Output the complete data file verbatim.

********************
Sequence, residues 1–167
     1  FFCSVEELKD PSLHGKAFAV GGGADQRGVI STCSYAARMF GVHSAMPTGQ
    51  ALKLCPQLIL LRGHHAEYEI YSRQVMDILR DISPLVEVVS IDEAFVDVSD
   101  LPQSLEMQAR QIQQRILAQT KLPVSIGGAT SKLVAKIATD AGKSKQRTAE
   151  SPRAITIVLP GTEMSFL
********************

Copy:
Sequence, residues 1–167
     1  FFCSVEELKD PSLHGKAFAV GGGADQRGVI STCSYAARMF GVHSAMPTGQ
    51  ALKLCPQLIL LRGHHAEYEI YSRQVMDILR DISPLVEVVS IDEAFVDVSD
   101  LPQSLEMQAR QIQQRILAQT KLPVSIGGAT SKLVAKIATD AGKSKQRTAE
   151  SPRAITIVLP GTEMSFL